Learn how to easily stack 2 videos of different resolution horizontally using FFmpeg from the command line.

Stacking videos horizontally is easy according to the documentation of FFmpeg using the hstack filter. This filter allows you to create easily build a mosaic from many videos as long as they have the same resolution. However, in practice, there will be cases where the videos won't have the same dimensions.  For this article, we will work with these 2 videos recorded from a web camera stream, one from a teacher and the other from a student. As both of them have different cameras that record at a different resolution, both videos have different dimensions:

Stack Videos Horizontally FFmpeg

The idea is to place them in a single video stacked horizontally, while the final video keeps the audio of both as well. In this article, I will explain to you how to stack 2 videos with different resolution horizontally using FFmpeg.

A. Using a complex filter 

The first option to stack the videos horizontally will be through a complex filter. The command to do the trick will be the following one:

ffmpeg -i ./left-side-video.mp4 -i ./right-side-video.mp4 -filter_complex "<CUSTOM_FILTER_HERE>" -map "[a]" -ac 2 ./output-video.mp4

The command will receive the 2 videos as input and will use a complex filter that needs to be replaced. The custom filter will be:


The filter can be breakdown like this. The scale2ref method scales or resizes the input video based on a reference video. scale2ref supports the same but uses the reference video instead of the main input as the basis. scale2ref also supports the following additional constants for the 'w' and 'h' options:

  • main_w (width)
  • main_h (height)

For the main input video's sample aspect ratio:

  • main_dar
  • mdar

The second video stream will be scaled to match the main video. The full command to stack both videos using the filter is:

ffmpeg -i ./left-video.mp4 -i ./right-video.mp4 -filter_complex "[0][1]scale2ref='oh*mdar':'if(lt(main_h,ih),ih,main_h)'[0s][1s]; [1s][0s]scale2ref='oh*mdar':'if(lt(main_h,ih),ih,main_h)'[1s][0s];[0:a][1:a]amerge=inputs=2[a]; [0s][1s]hstack,setsar=1" -map "[a]" -ac 2 ./output-video.mp4

The output video in this case will have the following layout:

Stack Videos Horizontally FFmpeg Output

The canvas is quite big as you can see, with almost a 4K resolution, just to preserve the aspect ratio.

B. Resize videos before stacking

The other option is not for everyone though, however, it is useful as well under certain conditions. FFmpeg offers the hstack filter to stack horizontally the videos, the only requirement is that both videos need to have the same dimensions (height and width). So, keeping in mind that you can have a fixed size for the videos, we will proceed with the following task that will be resizing both videos to a common size. In order to keep the aspect ratio of the videos and the same dimension for both videos, the following commands will do the trick:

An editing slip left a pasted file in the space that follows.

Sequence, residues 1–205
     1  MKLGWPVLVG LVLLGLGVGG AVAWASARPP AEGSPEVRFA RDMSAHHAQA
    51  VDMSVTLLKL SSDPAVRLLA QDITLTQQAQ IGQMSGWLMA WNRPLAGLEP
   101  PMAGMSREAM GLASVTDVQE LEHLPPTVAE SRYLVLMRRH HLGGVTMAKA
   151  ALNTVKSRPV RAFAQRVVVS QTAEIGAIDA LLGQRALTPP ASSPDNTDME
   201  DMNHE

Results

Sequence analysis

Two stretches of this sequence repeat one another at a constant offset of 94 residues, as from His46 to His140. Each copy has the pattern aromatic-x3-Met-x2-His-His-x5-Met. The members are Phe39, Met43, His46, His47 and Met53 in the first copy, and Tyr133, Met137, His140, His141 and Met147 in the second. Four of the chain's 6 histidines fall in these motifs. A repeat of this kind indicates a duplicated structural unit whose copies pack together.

# Resize Left Side Video
ffmpeg -n -i ./left-video.mp4 -vf "scale=w=960:h=540:force_original_aspect_ratio=1,pad=960:540:(ow-iw)/2:(oh-ih)/2" -c:v libx264 ./left-video_resized.mp4

# Resize Right Side Video
ffmpeg -n -i ./right-video.mp4 -vf "scale=w=960:h=540:force_original_aspect_ratio=1,pad=960:540:(ow-iw)/2:(oh-ih)/2" -c:v libx264 ./right-video_resized.mp4

The command will basically resize the input video to a resolution of 960*540 while keeping the aspect ratio. The area that conflicts with the aspect ratio will be blacked out. Remember that filtering and streamcopy cannot be used together, so you will need to specify the codec of the video, in our case we will use libx264. After resizing both videos, you will have 2 new videos that will be used in a new command that will stack them horizontally:

ffmpeg -n -i ./left-video_resized.mp4 -i ./right-video_resized.mp4 -filter_complex "[0:v][1:v]hstack=inputs=2[v]; [0:a][1:a]amerge[a]" -map "[v]" -map "[a]" -ac 2 ./output-video.mp4

The command would generate a new video with a max width of 1920 by 540:

Horizontally Stacked Video FFmpeg

Happy coding ❤️!

Senior Software Engineer at Software Medico. Interested in programming since he was 14 years old, Carlos is a self-taught programmer and founder and author of most of the articles at Our Code World.